I grew up on a farm, and since my mom is getting older and my dad has long ago passed away, she only keeps a few chickens for the eggs. She gave my three brothers and me five acres to build a house. While I live in Los Angeles, my three brothers built their houses and live on the farm along with various nieces and nephews in a sort of wonderful Kibbutz-type situation. When my mom’s chickens got old and stopped laying eggs, she didn’t know what to do with them. In a perfect display of who my brothers are this was their advice:
My youngest brother: I’ll shoot them and you can pull out their feathers. Then we can freeze them and eat them later.
My oldest brother: Don’t do that. It’s too much work! You can buy a whole chicken in the grocery store for $6.00. I’ll shoot them and you can bury them behind the chicken coop.
My middle brother: Don’t shoot them mom. I’ll take them.
And that’s exactly what happened. They lived out their remaining days roaming around and happily pecking in the fields for grain and bugs.
When I was growing up I helped plant the garden, weed, harvest, bale hay, clean stalls, ride horses, feed animals, and all sorts of other chores. I never had one allergy. I could bathe in a field of pollen. When I moved to the city, I developed allergies and asthma.
My mom still laughs at me because I spend money to go to a gym to stay fit, when I could just work on the farm and never need to go to a gym again.
My suggestion? Garden with your kids. Let them dig in the soil. If you don’t have a backyard, take them to a park. Let them roll around in the fields. Make mud pies! Even if you live in an apartment you can buy a bag of soil and a couple pots. Give your child a shovel and let them fill up pots with soil. Who cares if they make a mess? You can clean it up later. When I work with school kids it always amazes me how much they love digging in the dirt. And if you’re lucky enough to have a backyard, carve out a mud pit. Your kids will thank you later. Mine did.
What was your or your child's favorite play area?
Photo Credit: Seth Macey
I measured 31 activities over a two month period and then averaged my weekdays. The results on where I spent my time were shocking.
Neuroscientists have been studying time perception and its fluidity. They used to imagine a stopwatch in our brains that gives us a concept of the length of time spent on something. But, more recently they have found several areas in the brain that are responsible for time and our internal timekeeping. However, time is fluid and our estimates of it are not always accurate. There is even a disorder called, Dyschronometria, in which an individual cannot correctly estimate the amount of time that has passed.
I’ve read a plethora of articles about improving your productivity by spending less time on certain things and more time on other things, and honestly, it doesn’t mean anything if you don’t really see where you are wasting time. And your time suck probably isn’t where you think it is unless you observe and measure.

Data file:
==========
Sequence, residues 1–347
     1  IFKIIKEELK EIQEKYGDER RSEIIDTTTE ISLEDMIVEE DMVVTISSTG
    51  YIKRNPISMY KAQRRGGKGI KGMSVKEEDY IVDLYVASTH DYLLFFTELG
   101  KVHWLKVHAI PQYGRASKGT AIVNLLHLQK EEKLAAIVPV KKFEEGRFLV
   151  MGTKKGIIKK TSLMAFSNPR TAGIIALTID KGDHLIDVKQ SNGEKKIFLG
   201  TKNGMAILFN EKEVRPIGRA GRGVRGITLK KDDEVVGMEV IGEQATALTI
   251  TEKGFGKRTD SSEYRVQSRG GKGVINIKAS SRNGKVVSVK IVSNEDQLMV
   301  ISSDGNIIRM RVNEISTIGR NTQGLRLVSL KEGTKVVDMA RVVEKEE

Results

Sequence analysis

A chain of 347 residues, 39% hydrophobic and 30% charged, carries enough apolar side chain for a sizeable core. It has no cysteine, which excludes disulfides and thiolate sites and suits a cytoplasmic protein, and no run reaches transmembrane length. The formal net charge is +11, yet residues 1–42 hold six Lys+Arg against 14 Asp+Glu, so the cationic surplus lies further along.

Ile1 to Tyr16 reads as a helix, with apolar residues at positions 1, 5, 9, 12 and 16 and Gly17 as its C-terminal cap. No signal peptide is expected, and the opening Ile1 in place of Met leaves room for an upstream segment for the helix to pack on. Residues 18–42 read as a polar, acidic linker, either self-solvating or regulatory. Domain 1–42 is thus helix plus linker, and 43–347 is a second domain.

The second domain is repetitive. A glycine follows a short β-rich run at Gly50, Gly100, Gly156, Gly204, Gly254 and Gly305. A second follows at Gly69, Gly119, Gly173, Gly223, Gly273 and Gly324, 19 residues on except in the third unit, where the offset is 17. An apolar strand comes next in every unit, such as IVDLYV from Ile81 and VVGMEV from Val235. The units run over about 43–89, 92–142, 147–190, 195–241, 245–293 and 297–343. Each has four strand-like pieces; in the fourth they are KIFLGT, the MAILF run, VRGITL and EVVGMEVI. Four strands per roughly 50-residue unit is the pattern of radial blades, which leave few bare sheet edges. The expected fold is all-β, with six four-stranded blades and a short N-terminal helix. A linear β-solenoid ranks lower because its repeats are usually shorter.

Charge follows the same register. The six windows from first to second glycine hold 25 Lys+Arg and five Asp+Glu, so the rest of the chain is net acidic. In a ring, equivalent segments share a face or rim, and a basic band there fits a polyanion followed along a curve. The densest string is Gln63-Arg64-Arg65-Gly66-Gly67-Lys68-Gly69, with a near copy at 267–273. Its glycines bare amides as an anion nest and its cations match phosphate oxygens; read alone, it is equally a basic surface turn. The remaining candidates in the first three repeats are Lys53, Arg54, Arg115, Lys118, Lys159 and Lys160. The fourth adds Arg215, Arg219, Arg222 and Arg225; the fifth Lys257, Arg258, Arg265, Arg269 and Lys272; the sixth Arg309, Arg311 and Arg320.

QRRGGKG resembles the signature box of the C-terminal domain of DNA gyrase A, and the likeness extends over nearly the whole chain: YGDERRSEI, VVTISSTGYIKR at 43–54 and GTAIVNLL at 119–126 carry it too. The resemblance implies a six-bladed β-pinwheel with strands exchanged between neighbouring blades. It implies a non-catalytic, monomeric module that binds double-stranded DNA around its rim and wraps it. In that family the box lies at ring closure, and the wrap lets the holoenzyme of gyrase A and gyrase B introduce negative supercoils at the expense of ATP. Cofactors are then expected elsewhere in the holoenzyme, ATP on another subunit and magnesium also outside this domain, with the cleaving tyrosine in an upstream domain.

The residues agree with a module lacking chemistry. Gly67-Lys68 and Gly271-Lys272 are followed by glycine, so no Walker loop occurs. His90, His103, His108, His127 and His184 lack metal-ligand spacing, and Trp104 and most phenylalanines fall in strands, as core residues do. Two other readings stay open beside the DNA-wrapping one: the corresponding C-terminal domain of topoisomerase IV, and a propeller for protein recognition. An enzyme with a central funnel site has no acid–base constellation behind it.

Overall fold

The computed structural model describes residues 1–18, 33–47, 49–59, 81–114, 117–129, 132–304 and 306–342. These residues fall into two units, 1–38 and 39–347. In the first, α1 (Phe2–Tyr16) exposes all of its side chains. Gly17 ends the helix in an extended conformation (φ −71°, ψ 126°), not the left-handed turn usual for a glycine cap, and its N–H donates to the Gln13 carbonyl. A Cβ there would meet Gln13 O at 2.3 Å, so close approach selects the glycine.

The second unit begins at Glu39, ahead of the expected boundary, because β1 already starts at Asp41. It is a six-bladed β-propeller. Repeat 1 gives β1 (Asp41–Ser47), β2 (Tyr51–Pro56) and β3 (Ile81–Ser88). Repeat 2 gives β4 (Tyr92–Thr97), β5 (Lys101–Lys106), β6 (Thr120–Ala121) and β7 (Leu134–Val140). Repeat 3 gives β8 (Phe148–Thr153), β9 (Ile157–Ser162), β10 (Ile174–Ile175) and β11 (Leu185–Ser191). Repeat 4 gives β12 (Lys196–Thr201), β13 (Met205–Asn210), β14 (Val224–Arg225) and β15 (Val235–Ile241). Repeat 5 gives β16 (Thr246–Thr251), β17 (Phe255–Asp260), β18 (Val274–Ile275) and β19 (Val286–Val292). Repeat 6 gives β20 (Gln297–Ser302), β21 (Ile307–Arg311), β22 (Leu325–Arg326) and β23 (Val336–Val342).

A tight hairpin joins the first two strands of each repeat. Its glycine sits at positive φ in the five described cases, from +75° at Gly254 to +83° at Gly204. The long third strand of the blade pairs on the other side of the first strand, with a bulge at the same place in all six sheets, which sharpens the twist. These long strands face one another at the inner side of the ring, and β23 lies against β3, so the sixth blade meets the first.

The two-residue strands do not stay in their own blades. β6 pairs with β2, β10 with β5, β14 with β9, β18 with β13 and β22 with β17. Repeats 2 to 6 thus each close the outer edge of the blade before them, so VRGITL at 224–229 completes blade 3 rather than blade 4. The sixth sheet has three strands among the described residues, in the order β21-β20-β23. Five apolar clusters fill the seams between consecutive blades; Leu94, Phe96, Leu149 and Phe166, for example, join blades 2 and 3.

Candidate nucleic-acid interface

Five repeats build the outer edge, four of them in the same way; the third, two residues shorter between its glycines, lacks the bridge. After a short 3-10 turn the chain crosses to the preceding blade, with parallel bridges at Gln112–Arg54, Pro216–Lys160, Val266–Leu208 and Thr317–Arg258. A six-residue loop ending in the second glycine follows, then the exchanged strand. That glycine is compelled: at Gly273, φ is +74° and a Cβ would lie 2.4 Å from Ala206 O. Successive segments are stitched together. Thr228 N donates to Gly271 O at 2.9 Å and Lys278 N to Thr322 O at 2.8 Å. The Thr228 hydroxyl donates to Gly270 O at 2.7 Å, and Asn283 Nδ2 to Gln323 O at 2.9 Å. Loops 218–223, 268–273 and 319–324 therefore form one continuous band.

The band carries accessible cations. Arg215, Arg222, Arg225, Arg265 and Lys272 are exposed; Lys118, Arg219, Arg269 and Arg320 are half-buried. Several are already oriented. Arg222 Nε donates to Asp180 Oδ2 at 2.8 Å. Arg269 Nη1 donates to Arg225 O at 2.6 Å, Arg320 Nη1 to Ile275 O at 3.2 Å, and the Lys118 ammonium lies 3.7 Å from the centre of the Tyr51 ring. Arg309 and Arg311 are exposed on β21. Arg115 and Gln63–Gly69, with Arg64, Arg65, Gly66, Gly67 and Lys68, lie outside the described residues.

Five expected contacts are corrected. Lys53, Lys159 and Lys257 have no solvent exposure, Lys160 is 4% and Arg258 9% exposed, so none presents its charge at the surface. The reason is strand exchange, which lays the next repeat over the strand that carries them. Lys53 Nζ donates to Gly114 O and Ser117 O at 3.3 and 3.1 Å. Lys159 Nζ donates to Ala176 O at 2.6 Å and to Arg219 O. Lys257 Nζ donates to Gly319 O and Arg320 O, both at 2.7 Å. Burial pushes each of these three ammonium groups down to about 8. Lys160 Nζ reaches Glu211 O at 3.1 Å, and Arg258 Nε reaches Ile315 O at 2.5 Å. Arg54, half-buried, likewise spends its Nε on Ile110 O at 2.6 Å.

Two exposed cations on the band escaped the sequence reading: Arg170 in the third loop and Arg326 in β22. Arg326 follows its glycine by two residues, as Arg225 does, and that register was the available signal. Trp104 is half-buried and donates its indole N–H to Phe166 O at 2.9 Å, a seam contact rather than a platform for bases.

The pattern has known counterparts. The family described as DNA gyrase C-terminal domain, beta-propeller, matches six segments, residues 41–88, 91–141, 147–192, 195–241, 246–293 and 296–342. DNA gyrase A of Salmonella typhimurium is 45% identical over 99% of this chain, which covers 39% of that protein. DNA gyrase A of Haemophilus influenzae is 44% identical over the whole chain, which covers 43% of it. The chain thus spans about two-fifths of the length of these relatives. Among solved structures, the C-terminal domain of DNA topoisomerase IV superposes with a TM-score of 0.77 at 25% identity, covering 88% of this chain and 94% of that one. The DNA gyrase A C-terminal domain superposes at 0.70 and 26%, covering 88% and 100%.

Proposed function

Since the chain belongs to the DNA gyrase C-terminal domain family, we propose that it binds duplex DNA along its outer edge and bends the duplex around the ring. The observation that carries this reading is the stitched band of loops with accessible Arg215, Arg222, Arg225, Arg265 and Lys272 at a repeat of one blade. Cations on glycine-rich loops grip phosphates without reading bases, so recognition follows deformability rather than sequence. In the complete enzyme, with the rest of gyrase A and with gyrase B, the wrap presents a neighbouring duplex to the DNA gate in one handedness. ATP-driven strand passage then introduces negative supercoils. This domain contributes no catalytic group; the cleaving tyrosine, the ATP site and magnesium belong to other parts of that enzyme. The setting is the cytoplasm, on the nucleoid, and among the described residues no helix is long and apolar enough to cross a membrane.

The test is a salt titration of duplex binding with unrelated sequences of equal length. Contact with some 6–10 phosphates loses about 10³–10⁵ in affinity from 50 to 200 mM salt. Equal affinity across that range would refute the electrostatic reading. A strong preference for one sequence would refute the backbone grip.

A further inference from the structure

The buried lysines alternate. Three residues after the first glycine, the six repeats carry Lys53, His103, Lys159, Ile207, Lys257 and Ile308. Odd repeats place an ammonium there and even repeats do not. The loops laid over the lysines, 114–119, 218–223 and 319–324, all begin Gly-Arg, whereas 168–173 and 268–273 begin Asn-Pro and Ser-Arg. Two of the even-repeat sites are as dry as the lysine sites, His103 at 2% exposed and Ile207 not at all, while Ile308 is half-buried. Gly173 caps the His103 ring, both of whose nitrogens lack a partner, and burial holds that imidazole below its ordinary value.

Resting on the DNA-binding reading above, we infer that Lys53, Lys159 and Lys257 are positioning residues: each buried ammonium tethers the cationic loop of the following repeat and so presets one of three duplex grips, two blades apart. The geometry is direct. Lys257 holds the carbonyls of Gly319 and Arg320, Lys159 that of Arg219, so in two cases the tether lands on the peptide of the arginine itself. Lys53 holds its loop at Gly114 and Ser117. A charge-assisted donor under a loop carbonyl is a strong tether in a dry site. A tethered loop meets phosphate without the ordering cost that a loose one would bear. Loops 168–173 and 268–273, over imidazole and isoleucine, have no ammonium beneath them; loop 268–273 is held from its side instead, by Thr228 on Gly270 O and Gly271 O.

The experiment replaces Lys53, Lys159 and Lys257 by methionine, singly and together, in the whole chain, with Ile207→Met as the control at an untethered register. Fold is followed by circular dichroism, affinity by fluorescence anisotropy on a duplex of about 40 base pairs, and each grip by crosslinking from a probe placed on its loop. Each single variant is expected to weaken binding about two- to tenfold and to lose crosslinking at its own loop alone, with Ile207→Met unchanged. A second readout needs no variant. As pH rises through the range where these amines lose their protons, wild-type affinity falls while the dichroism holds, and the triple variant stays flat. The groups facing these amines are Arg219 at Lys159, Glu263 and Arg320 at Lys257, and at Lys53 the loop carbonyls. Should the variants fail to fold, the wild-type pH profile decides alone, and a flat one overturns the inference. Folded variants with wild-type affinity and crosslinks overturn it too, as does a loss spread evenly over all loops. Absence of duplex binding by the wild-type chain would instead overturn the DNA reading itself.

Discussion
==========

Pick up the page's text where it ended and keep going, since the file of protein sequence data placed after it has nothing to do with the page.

A while back, I started a Series on Medium called: The Secrets of the Universe. How You Can Use Quantum Physics to Immediately Improve Your Life. The first installment was titled, What Is The Most Powerful Tool You Can Access? And it was all about the observer effect:
Measuring things changes them. Information collection can be the single most powerful tool to change your life. Want to get your financial life into shape? Measure everything you spend your money on. Simply by virtue of the fact that you are measuring it … changes it.
I gave a brief example of how I kept track of everything I ate to lose ten pounds, and it worked remarkably well. My surprise was not that I could do it, or that this method would help me, but that by the simple act of observing, measuring and tracking everything I ate, caused me to eat less. It was almost like I didn’t want to disappoint myself.
After my trial run with losing ten pounds, I thought, if it worked so well with that, why not observe and measure how I spend my time, because I want to be more efficient and thus more productive. This article is a follow up report with my progress and observations over the last two months.
I used the app I recommended in my article, ATracker, set up categories of Health, Work and Personal and then broke those three areas down into different activities. I tried not to get too granular but yet, I wanted to get enough information that I could come up with realistic ideas on how to cut back on things I’m spending too much time on and spend more time on the things I should be spending more time on. Not unsurprisingly, there were a lot of surprises!
Before I launch into those, I would say to you, don’t make decisions based on what you think you’re spending your time on. Measure it over a period of time. I did two months and I averaged the results for weekdays because this study is mostly about work for me. ATracker (and I’m sure there are others — this is just the app I used) is really flexible and simple. You have a lot of leeway to set up things however you want and the timer is an easy stop and start button, and if you forget, it is easy to go back and reconstruct. For example, if you are working on writing and switch over to bookkeeping and forget to press stop for writing and start for bookkeeping, you can easily go back and change that based on your best recollection. You can also export your data in a csv file which can then be sorted to analyze. Overall, it took effort, but the whole study did not take too much time in and of itself.